Walking arouses your senses from the environment in a different way than driving around does. When you walk past something, you actually have a longer time to linger on what you are passing by. Walking gives you the chance to observe the oldness of the bricks that were used in an old character building, or notice that the paint on a statue that is chipping off and gives it a more classic look. Even bigger than the little things, you can find some lesser known spots to eat or activities to do that are off the beaten-path and can only be seen through the eyes of a pedestrian. Always opt to walk downtown instead of drive.

4. Do people-watch and talk to locals.

You can never know a new place better than a local does. They are the ones that know the history of their native land, and the ins and outs of the place. If you are wondering about a certain part of the place’s history and cannot find it in any book or on the internet, make sure that you do ask a local. A local’s attitude and behavior may also reflect the culture of the place. Busy people hurrying off to go somewhere may indicate that the place has a busy economic activity.

5. Do feel the weather.

Complaining is the last thing that you would want to do when you are traveling to a new place. You chose to go to Japan to ski, so please do not complain that the weather is too cold. Instead, enjoy the extraordinary difference in the weather. Also, you probably chose to go to a certain place because the weather there is the exact opposite from where you came from, so make sure that you soak in every moment of this new weather and temperature because your trip will not last forever. In a few days or weeks, you will be back to your “ordinary” world and routine.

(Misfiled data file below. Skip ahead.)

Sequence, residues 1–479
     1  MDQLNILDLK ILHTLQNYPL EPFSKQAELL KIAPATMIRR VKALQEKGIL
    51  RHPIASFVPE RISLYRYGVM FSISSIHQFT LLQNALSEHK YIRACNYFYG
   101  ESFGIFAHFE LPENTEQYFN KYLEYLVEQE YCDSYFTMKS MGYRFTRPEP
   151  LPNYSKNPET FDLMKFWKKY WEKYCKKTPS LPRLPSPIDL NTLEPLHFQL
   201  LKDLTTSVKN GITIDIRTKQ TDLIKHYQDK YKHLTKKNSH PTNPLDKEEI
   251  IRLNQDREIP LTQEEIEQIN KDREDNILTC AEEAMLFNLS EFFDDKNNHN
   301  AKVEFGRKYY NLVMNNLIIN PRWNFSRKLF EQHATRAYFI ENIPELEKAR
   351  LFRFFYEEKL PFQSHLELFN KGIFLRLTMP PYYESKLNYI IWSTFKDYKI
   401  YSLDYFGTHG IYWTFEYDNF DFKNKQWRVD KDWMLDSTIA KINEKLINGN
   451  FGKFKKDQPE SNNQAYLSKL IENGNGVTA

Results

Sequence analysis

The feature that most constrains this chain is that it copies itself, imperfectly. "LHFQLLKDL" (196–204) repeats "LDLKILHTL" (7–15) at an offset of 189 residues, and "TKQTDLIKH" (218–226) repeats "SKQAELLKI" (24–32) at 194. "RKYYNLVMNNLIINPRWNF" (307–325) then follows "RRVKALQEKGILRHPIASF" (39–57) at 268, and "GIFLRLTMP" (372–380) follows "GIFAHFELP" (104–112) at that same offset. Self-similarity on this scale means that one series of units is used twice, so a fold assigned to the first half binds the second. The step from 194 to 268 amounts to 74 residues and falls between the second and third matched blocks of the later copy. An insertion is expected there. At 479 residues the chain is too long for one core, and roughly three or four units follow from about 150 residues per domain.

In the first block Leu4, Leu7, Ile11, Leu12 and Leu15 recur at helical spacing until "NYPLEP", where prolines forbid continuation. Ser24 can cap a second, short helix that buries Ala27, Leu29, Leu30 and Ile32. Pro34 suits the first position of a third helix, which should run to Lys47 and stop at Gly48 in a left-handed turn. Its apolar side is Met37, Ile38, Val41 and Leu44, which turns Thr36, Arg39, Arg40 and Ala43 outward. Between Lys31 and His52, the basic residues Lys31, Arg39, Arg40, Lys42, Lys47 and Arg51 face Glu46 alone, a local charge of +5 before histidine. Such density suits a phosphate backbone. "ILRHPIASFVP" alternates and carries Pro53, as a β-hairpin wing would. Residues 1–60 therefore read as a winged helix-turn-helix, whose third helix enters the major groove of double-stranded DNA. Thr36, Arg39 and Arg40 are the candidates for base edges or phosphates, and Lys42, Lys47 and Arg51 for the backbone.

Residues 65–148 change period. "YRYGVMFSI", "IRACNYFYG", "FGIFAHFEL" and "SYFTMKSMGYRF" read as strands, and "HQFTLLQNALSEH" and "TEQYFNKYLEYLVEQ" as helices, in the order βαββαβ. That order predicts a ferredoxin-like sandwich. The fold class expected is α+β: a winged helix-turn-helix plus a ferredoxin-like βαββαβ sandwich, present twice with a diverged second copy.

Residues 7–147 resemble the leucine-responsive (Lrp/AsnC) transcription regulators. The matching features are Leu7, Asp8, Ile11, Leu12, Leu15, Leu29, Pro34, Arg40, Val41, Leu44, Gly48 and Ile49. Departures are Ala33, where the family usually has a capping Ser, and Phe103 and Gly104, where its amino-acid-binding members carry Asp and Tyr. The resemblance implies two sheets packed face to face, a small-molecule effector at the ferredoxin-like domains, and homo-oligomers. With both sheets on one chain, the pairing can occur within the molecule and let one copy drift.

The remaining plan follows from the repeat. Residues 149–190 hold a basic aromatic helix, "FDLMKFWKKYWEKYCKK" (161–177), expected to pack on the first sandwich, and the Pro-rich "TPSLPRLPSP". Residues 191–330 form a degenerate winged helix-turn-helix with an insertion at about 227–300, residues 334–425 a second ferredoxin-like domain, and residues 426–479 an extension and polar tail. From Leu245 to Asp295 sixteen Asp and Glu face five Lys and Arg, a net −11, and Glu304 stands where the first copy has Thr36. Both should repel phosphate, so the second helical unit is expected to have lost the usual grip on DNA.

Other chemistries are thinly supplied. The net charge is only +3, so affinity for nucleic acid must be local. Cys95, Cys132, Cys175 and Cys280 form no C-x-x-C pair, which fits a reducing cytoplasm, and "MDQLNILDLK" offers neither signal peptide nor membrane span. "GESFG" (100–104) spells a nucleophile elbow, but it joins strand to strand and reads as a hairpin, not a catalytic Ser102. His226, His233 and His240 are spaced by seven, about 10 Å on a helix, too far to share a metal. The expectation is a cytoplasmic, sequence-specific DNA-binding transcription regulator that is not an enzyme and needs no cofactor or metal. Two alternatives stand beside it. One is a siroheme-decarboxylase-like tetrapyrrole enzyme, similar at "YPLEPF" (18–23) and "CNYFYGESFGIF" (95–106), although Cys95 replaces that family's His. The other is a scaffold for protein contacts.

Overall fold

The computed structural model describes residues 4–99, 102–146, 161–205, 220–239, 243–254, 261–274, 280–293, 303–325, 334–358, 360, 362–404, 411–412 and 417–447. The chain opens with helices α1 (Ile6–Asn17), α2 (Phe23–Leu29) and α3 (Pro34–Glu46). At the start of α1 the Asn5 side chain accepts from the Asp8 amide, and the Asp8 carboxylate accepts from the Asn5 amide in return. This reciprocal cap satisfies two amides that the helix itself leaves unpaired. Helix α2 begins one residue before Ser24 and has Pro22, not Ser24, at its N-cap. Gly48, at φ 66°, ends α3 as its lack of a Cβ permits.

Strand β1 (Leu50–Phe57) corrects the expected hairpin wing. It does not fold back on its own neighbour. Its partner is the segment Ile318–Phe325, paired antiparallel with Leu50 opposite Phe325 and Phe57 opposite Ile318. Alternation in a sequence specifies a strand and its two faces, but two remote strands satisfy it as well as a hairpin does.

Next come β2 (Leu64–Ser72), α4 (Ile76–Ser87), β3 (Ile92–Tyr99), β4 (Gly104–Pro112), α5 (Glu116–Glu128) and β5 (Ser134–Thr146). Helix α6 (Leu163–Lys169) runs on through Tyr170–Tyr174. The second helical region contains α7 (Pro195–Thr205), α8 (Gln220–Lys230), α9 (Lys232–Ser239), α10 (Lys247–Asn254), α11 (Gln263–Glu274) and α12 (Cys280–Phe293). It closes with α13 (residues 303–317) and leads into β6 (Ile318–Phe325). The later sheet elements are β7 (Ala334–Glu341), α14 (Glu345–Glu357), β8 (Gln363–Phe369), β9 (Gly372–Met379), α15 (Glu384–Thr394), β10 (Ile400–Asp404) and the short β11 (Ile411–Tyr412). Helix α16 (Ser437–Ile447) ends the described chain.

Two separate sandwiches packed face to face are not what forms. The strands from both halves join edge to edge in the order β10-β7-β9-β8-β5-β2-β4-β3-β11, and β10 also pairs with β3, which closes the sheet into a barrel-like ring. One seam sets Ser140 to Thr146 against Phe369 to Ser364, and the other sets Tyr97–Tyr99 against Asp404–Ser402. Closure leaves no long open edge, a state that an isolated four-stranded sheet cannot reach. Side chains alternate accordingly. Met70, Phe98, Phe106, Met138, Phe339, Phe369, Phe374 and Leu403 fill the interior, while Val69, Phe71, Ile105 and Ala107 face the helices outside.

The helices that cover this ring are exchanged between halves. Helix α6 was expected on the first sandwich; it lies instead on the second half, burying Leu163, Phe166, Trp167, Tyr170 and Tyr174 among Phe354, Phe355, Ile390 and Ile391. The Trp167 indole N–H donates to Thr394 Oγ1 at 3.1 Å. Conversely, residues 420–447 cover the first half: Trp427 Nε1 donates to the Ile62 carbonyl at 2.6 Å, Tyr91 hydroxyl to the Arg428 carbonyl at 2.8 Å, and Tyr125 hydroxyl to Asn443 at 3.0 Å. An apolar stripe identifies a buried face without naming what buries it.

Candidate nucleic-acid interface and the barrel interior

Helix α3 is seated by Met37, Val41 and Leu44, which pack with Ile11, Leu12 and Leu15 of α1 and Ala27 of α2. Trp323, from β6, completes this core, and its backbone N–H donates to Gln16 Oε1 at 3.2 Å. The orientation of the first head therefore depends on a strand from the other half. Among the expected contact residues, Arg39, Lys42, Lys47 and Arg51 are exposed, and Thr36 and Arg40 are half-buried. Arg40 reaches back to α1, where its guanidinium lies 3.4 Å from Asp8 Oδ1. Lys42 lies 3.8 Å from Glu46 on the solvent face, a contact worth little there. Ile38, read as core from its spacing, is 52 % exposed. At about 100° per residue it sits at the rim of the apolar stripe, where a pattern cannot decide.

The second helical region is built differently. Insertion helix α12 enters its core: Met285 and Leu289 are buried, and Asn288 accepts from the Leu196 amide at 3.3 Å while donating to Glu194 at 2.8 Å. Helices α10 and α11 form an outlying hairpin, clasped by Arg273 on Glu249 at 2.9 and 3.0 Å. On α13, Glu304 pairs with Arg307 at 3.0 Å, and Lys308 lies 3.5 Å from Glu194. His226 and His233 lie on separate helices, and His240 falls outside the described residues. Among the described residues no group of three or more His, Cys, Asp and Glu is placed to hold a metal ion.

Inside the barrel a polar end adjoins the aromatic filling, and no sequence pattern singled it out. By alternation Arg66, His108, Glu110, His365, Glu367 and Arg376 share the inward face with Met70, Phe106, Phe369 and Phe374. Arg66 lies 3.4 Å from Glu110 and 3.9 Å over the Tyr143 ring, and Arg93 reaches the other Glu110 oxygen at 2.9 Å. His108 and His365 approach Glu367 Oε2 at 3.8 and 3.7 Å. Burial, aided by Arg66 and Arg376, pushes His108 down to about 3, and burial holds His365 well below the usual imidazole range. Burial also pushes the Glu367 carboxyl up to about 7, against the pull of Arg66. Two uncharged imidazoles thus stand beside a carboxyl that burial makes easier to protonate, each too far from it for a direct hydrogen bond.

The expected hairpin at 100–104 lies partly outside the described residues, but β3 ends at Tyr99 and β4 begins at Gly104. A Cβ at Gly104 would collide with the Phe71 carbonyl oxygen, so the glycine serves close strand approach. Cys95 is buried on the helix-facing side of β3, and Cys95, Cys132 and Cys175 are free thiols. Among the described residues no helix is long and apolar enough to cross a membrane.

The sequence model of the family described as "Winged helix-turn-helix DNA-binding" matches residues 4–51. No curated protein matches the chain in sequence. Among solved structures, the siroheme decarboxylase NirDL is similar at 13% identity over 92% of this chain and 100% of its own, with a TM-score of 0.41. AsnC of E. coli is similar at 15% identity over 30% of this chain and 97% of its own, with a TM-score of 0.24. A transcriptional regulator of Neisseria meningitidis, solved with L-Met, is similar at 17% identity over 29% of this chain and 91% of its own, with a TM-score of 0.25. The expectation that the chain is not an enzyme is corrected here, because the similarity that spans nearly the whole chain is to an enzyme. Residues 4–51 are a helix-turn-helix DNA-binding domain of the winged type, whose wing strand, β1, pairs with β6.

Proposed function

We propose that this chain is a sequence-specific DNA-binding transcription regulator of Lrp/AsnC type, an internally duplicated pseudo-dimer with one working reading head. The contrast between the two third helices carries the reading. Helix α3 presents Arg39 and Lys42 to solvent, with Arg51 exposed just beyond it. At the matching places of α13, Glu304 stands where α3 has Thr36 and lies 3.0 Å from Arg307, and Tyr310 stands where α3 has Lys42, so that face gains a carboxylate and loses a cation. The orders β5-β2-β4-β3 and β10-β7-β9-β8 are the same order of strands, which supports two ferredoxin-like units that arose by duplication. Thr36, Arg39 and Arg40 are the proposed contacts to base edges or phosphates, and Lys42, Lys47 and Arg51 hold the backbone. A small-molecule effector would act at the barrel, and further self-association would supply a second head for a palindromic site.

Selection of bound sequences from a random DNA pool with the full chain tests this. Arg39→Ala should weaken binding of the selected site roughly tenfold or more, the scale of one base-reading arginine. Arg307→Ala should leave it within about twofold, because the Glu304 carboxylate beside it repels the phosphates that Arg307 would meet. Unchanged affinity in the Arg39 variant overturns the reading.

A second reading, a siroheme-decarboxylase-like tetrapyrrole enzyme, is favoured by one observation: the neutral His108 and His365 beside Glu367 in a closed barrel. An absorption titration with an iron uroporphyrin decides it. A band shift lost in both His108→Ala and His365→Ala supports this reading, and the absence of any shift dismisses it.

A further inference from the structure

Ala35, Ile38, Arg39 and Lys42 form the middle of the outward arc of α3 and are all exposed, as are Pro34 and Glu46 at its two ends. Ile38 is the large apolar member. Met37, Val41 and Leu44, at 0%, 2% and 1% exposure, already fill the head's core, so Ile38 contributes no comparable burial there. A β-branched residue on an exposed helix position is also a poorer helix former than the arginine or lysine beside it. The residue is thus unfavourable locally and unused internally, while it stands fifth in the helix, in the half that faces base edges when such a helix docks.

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Sarah Bonander

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Last Updated on March 13, 2019

How to Get out of a Rut: 12 Useful Ways to Get Unstuck

How to Get out of a Rut: 12 Useful Ways to Get Unstuck

Have you gotten into a rut before? Or are you in a rut right now?

You know you’re in a rut when you run out of ideas and inspiration. I personally see a rut as a productivity vacuum. It might very well be a reason why you aren’t getting results. Even as you spend more time on your work, you can’t seem to get anything constructive done. While I’m normally productive, I get into occasional ruts (especially when I’ve been working back-to-back without rest). During those times, I can spend an entire day in front of the computer and get nothing done. It can be quite frustrating.